This weekend, the Dallas Opera closes its 2016-17 season with Vincenzo Bellini’s exceptionally beautiful opera Norma (1831), the definitive representative of the Bel Canto era. It opens Friday night at the AT&T Performing Arts Center’s Winspear Opera House and runs through May 7, the final week of which will coincide with the Opera America conference in Dallas (which has even more Dallas Opera programming).
It seemed like a great time to talk to the Dallas Opera’s Music Director Emmanuel Villaume about the work and its challenges.
Villaume, who is conducting Norma, has an encyclopedic knowledge of music and, specifically, opera. But it’s never intimidating talking to him on the subject. He immediately puts the interviewer at ease and he doesn’t wear his erudition on his sleeve. When he comes up with some obscure factoid that is surprisingly germane to the subject, he delivers it casually and without pretense. Rather than interviewing the Great Maestro, as so often happens with conductors, talking with Villaume is just a simple conversation—the sort you might enjoy with a friend over lunch.
Norma is set during the Roman occupation of Gaul in 50 B.C. Mix that with a passionate love triangle, personal betrayal, and impending revolution, and you have a story of operatic proportions. Nic Muni directs the Dallas Opera production.
The work is famous as one of the most beautiful operas in the repertoire. Its soaring melodies, such as the soprano aria “Casta Diva,” are sublime. There are also several versions of the opera.
“It is always interesting to see an edition that tries to repair the errors in a score and return it to the original version,” Villaume says. “Cecilia Bartoli guided a revised score for her performances of the opera in 2010 and then there is Bärenreiter’s urtext edition. We are doing what is called the ‘standard version.’ ”
An aside: Bärenreiter is a music publisher that does extensive musicological research with the goal of publishing a score that is faithful to the historical documents. They sift through the various published scores, comparing them to whatever they can dig up of the composer’s original autograph scores. “Urtext” refers to music or any other text that has been returned to its original version by musicologists digging through dusty libraries for a composer’s autograph version.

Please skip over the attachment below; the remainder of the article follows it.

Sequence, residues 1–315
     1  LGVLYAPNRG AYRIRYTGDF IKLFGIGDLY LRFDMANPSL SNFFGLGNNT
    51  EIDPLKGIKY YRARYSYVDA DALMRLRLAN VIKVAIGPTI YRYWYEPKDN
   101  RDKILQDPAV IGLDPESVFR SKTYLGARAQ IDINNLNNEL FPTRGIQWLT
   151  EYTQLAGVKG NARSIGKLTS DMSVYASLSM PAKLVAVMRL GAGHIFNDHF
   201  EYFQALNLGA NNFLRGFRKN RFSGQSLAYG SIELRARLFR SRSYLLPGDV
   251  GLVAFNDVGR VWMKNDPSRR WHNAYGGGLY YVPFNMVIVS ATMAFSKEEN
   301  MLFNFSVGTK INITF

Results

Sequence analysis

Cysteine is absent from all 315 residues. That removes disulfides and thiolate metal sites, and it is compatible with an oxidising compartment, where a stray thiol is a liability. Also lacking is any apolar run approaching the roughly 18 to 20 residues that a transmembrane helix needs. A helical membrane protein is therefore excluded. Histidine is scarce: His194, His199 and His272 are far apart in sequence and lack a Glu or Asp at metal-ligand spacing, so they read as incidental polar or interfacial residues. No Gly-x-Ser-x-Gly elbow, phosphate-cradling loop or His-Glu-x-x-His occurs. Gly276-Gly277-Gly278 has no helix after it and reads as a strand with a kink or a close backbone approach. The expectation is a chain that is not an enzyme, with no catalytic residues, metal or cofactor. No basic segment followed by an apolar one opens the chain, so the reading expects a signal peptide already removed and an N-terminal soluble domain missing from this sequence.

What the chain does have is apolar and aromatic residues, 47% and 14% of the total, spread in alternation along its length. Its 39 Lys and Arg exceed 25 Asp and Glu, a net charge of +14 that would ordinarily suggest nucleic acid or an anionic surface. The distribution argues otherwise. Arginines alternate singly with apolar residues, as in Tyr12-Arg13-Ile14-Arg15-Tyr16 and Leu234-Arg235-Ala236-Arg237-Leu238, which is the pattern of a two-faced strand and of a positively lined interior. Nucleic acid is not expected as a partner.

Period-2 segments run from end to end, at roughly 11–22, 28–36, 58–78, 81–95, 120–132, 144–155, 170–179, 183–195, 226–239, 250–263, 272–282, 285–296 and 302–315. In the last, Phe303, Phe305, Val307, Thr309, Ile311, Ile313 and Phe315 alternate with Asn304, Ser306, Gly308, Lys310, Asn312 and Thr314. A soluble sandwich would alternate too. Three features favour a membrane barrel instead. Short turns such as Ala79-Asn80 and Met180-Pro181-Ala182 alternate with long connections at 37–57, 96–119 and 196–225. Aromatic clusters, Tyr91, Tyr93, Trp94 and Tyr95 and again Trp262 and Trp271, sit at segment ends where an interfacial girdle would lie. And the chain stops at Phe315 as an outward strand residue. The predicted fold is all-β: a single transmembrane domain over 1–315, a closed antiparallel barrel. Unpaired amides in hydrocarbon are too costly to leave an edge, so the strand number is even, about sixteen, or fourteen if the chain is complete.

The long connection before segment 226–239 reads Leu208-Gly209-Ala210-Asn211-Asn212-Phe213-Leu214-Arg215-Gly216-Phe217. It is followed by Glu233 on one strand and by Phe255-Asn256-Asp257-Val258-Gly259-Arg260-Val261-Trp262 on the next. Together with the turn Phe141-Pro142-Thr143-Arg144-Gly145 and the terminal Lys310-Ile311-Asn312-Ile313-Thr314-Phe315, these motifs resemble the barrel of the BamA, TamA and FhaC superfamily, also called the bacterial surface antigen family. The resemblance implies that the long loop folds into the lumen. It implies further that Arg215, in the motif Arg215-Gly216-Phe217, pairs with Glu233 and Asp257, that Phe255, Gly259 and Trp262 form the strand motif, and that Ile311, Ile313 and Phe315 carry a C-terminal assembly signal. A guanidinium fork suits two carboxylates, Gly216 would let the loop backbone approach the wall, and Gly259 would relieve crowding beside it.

“Very often a critical edition gets rid of mistakes. For the most part, these are not big errors,” Villaume says. “It is a crescendo here, omitted staccato markings and different phrasing. Occasionally, they end up importing new errors.”
“I usually conduct from the Recordi score but I have conducted from other editions,” he adds. “These things need to be decided by the conductor long before rehearsals start. What small differences remain can be worked out in rehearsal. For example, the second verse of the Adalgisa/Norma duet is often omitted, but we are doing both. Also, this aria has been transposed down a step in the past, depending on the singer. We are doing it in the original key.”
So, if Norma is such a magnificent opera, why is it not produced more?
“Well, there are many reasons,” Villaume says. “The most important one is that it is hard to cast. It requires the best singers, with perfect technique, great breath control and a beautiful sound that is even from top to bottom. The role of Norma has been marked for modern audiences by Maria Callas, Joan Sutherland and Montserrat Caballé, and these performances are still available on CDs.”
Because of the different editions, various voices have been used.
“The two leading female roles, [Druid priestesses] Norma and Adalgisa, have been sung by many kinds of singers. Adalgisa is typically sung by a mezzo and Norma by a soprano,” he says. “But these roles are occasionally sung by just the opposite combination. We are doing the original concept and have cast two sopranos in the two roles.”
In this production, South African soprano Elza van den Heever plays Norma and soprano Marina Costa-Jackson is Adalgisa.
The tenor role of Pollione, the Roman proconsul, is also difficult to cast. Tenors as different as Jon Vickers, Franco Corelli, Plácido Domingo, and the more lyric tenor, John Alexander, have all had success in the role. Here, tenor Yonghoon Lee plays Pollione.
“A conductor has to have the overall structure of the opera always in your mind,” Villaume says. “Everything fits together perfectly in Norma, and it needs to be performed that way. In addition, you have to help the singers by not taking excessive rubato, so as to help the singers pace their voice. You also have to understand the subtext of what is going on—what emotions and situations are there, but not overtly expressed.”
For all of the above reasons, this Bel Canto treasure is one of the tougher works to stage successfully—but it’s worth the effort.
“The rewards of Norma are wonderful with its stunningly beautiful music and tense dramatic situations: the building blocks of a successful opera,” he adds. “All the difficulties of putting together a fine production, like this one, comes with great rewards.”